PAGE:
Sorry to ask such an ignorant question, y'all. (You don't have to tell me it's not ignorant, I didn't say stupid--it's definitely some common knowledge that I didn't know.) I think as far as the multiple POVs, the real question for me is specifically how my climax would be organized with or without the extra POV and which of those options works better.
 

Roxxsmom

Beastly Fido
Kind Benefactor
Super Member
Registered
Joined
Oct 24, 2011
Messages
20,235
Reaction score
4,148
Location
Where faults collide
Website
doggedlywriting.blogspot.com
Romance novels are generally published and marketed as romance, though there are many subcategories. If the book wasn't shelved in the romance section of a book store, or categorized as a romance on Amazon, it probably wasn't. Many novels that aren't genre romance have romantic subplots.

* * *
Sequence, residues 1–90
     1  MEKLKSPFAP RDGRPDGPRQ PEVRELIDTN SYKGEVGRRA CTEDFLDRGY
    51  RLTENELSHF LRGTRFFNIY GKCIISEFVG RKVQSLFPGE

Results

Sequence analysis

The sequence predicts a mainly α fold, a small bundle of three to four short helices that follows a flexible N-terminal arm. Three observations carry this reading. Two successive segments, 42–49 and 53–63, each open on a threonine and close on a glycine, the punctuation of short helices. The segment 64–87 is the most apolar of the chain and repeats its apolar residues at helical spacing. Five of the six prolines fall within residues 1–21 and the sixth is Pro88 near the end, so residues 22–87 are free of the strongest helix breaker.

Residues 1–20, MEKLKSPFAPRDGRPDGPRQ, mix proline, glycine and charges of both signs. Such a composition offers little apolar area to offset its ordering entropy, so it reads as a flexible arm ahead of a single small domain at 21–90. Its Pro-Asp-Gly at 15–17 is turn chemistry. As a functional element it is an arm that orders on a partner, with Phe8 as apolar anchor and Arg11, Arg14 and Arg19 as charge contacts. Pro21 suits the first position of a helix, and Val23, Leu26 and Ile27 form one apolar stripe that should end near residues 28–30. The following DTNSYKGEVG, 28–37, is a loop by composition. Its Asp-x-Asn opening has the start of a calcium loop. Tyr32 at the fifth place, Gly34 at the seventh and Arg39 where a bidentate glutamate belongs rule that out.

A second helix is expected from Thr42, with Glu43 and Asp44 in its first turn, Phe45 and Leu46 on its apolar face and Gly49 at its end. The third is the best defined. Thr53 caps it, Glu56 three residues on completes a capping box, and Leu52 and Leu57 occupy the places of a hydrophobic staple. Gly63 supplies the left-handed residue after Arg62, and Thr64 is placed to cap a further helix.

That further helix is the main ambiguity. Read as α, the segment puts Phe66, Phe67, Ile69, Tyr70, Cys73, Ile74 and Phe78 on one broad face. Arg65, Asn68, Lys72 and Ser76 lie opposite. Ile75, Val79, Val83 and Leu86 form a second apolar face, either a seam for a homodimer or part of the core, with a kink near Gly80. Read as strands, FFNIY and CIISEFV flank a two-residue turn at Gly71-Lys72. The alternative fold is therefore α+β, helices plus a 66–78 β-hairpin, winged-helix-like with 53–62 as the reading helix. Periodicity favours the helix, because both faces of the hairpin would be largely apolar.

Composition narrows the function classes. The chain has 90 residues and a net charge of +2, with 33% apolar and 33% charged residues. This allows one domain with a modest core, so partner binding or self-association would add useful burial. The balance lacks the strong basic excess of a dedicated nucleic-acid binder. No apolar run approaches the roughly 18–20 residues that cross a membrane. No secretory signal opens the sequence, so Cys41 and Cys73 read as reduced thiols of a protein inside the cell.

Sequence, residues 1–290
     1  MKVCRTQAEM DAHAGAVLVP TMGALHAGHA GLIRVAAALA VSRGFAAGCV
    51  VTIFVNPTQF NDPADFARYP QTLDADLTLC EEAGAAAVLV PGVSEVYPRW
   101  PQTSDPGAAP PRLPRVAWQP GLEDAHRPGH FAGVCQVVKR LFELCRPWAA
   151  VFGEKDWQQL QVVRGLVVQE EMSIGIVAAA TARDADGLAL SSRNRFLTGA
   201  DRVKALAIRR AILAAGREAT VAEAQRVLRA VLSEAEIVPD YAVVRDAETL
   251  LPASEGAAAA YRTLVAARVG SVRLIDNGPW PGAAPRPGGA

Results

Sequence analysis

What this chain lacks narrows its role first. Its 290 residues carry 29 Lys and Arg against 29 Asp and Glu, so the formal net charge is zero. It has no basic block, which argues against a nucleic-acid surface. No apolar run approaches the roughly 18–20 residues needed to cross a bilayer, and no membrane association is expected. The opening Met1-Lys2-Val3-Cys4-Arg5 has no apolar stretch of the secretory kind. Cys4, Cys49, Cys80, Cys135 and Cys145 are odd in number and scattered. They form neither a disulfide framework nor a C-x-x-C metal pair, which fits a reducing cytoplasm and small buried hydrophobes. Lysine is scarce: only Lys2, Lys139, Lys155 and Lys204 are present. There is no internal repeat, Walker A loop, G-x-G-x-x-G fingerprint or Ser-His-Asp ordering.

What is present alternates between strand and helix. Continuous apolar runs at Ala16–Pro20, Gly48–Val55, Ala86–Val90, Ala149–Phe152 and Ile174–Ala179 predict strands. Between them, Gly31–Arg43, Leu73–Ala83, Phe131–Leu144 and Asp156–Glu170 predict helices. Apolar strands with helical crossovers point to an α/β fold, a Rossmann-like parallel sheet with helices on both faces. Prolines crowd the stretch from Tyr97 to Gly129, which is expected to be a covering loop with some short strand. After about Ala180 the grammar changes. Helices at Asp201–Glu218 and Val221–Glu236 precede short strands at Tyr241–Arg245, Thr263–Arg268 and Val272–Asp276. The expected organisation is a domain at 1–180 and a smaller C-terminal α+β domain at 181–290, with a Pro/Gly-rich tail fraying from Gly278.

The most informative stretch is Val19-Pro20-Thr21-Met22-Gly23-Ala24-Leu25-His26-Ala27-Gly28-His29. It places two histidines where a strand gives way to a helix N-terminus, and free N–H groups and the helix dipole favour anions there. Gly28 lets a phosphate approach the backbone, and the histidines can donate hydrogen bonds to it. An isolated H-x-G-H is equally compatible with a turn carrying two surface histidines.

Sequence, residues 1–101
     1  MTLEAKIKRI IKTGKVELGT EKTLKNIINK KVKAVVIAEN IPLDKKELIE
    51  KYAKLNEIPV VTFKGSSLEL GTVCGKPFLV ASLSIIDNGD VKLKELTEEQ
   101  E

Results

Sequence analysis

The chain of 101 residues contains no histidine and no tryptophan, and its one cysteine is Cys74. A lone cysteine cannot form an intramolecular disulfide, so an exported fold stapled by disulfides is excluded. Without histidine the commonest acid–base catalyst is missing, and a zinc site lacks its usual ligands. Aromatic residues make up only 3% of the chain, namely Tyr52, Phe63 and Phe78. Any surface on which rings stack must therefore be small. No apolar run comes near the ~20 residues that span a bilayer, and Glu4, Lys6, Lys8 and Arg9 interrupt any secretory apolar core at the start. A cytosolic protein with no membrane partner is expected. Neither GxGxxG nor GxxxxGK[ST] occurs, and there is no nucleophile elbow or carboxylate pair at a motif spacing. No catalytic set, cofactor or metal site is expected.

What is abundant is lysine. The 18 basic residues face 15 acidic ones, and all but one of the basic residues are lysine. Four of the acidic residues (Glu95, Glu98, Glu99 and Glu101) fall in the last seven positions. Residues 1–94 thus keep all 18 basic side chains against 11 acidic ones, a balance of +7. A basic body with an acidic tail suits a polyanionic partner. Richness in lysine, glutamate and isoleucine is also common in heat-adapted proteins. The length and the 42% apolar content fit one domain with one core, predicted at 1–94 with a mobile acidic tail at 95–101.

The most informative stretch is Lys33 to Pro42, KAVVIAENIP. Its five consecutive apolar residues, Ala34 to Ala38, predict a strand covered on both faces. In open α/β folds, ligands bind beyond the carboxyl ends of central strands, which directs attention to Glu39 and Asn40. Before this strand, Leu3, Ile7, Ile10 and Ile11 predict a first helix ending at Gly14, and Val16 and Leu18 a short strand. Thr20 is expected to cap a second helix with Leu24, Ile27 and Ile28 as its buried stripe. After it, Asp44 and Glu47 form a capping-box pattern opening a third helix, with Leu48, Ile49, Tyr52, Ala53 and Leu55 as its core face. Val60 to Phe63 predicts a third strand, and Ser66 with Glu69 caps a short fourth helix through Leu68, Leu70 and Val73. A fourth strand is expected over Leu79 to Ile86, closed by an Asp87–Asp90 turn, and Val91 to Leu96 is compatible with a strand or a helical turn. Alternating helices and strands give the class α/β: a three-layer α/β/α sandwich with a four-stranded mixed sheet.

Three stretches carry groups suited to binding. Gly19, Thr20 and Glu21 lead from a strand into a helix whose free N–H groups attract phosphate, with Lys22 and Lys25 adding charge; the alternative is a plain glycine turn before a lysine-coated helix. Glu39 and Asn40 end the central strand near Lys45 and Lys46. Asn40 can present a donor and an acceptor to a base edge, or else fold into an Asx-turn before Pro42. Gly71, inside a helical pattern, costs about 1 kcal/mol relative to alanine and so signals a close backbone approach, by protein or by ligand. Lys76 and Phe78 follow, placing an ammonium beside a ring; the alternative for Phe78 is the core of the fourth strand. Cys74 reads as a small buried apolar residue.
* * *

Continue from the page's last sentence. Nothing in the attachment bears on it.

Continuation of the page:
A couple of things that set romance apart from other kinds of love stories or other genres with romantic subplots: the romance is central to the story (what drives the story, even though the characters will have other concerns too), and the couple ends up together at the end with a happy, optimistic ending.

There are all manner of heat levels (how sexy the story is and how sex is portrayed) and time periods or settings within the genre.

I don't know much about Christian romance (I'm fond of historical settings but with a lot more heat and in stories not much focus on the religious beliefs of the characters), but that is a popular subcategory within the genre.